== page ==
p. 510—so Sanders argues Paul could not be toggling back and forth between our faith in Christ and Christ’s faithfulness. [This argument completely ignores that in this same context Paul speaks of Christ giving himself for us in vss. 20-21, explained quite clearly in vs. 21 by the word ‘died’. It is perfectly believable that Paul would want to talk about both the objective and subjective means of our salvation. The objective means is Christ’s death on the cross, his faithfulness even unto death. The subjective means is our faith in his faithfulness and in him personally]
p. 511— He further argues that Christ’s fidelity did not transfer someone into the people of God, faith in him did, and the issue here is entrance— how does one get into the people of God, by faith plus circumcision or just by faith. It is faith in Christ that provides union with Christ. Sanders says the meaning of the ambiguous phrase is faith in Christ throughout Galatians and toggling back and forth is too subtle here.
p. 512—Sanders translates as follows ‘yet we know that a person is not righteous by works of law, but rather through faith in Christ Jesus, and we have come to faith in Christ Jesus so that we will be righteoused by faith in Christ and not by works of the Law, because ‘by works of Law no flesh is righteoused.’
p. 513– The last bit is a quote from Ps. 143.2 slightly different from the LXX to which Paul adds the phrase ‘by works of the Law’. The point is, Paul by quoting is suggesting this is not merely Paul’s opinion.
p. 514– Paul holds the standard view that to invalidate one Law is to call the whole Law into question. Notice then the phrase works pl. of the Law at the end of this first bit of argument.
p. 515— Here in Gal. 2.17-21 Sanders follows Martyn’s suggestion that we have an argument back and forth between Paul and his opponents. He cites their view in order to refute it. So, the opponents charge that the desire to be righteoused by faith in Christ alone, without keeping the Law turns one into a sinner and thus they are equivalent to Gentile sinners. For the Judaizers if Gentiles did not get circumcised and keep the Law they are still sinners, not completely saved. Paul replies that if it is true what they charge then Christ is a servant of sin, but since this cannot be true, the whole argument of the opponents must be false. For me genoito he says we need a strong translation like ‘not by a damned sight’!! He turns their argument on its head by saying if I returned to obeying the Law then I would indeed be a sinner, for I died to the law through the law. The compelling conclusion is— ‘if righteousness indeed comes through keeping the Law, then Christ died for nothing’.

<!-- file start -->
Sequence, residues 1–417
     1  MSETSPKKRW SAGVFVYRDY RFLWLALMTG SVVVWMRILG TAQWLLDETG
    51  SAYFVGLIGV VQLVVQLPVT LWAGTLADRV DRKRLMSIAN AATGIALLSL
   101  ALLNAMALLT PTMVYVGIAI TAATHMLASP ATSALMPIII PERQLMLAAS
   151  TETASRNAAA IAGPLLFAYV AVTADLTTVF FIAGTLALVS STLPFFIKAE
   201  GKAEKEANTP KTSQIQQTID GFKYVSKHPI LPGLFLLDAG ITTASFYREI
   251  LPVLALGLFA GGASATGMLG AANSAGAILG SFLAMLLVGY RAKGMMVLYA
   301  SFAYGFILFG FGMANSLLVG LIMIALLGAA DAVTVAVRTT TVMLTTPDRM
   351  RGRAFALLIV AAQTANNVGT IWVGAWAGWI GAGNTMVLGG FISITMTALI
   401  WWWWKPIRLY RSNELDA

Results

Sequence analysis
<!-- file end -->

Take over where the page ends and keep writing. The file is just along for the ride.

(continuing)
p. 516 n. 8— Sanders points out that the hina plus subjunctive has led to misleading translations of the phrase ‘in order that I might live to God’ in the sense that it suggests uncertainty whether he will or not due to the subjunctive. Sanders says we should not inflict Greek grammar on our English. Paul did not think that if one had faith in Christ then it was possible or conceivable or even probably he would be justified. No, it was a certainty in Paul’s view. Hence Sanders translates ‘through the Law I died to the Law, so that I will live to God’
p. 517— Paul does not denounce the Galatians, they have been misled by sorcerers or magicians. Paul thinks that having the death of Christ placarded before them and understanding the meaning of his death should have been enough to convince them they don’t need circumcision. Also, by putting their faith in the message of Paul they had received the Spirit, not by doing works of the Law and in their case receiving the Spirit was accompanied by miracles.